The building remains the same as it would have been 900 years ago
Deep in the north Kent countryside is a small ancient building, it is all that remains of the village of Dode.
The structure, which stands on a hill off Wrangling Lane near Cuxton, was built in 1100 and was once a place of worship for the villagers of Dode.
In 1349 the Black Death swept through the village and wiped out the whole community.
Without a congregation the small church was abandoned never to be used for regular worship again.
The former church was destined to be restored
The church stood empty for centuries falling into ruin until it was bought by a local archaeologist in 1901. He restored its walls and roof, but the building found itself abandoned once more when the archaeologist died.
Remaining nominally owned by the Catholic Church (because it closed before the time of the Reformation it was never ceded to the Church of England), the building was again left to decay and was vandalised.
However, it seems that the church was destined to be saved as in 1990 Doug Chapman, a chartered surveyor who worked at Canterbury Cathedral, bought the church and set about restoring it to its original state.
Doug has spent his life restoring ancient buildings
"I didn't find it - it found me," explains Doug. "I'm keen on archaeology and I've spent my life restoring ancient buildings. I'd read about it - this place that looked like it did 900 years ago - but I never found it because it was never signposted.
"Eventually it came up for sale so I came to look at it, fell in love with it, said I was going to buy it. A few days later I owned it because I couldn't not have this place, it was so quiet and so beautiful.
"I bought it because when I first walked in the door it was peaceful and I just want to get away from the world," says Doug. It's a privilege just to look after it - its that simple."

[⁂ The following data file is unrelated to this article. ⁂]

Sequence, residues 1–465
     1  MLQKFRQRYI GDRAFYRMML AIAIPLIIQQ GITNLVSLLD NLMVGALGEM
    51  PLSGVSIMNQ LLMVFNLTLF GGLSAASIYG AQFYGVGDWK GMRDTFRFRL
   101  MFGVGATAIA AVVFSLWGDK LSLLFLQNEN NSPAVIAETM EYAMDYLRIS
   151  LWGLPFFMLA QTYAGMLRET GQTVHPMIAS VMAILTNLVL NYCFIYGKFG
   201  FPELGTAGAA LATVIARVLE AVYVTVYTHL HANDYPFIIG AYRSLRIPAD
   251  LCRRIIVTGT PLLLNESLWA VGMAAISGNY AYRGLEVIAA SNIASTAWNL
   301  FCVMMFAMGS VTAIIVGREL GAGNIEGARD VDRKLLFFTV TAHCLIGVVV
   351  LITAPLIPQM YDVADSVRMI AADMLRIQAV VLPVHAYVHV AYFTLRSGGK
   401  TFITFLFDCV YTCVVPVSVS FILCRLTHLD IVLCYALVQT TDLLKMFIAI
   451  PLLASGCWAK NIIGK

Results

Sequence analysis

A spiritual space
There are very few places in the world where you can actually sit in the same space that other people sat 900 years ago and where the people who built it would recognise it today. Dode is one of those places because it hasn't changed at all.
Just walking through the door you experience a timeless spirituality and peace. Doug believes that most people who visit Dode feel that - some in a very deep way.
Doug believes most people feel there is something special about Dode
"I don't think many people would argue that this is a sacred place but it's not a religious place. We will have no religion here, we do not permit it, I don't want it.
"What fascinates me is that people come here - they walk through that door and they realise there is something very special about it. We've got a group of people who are always here - 'Dodites' we call them - and they are often around because they just want to be here, they just want to sit here."
There is no doubt this building would have been at the heart of the tiny village at Dode all those years ago and today it remains unchanged and a popular venue for civil celebrations but now accessible to a much wider community.
"I bought the quietness and tranquillity," says Doug. "I like being here - I bought it to get away from the world unfortunately the world followed me a bit up here. But when a wedding is finished, everybody has gone, it's dark and I blow out the last candle - then it's all mine."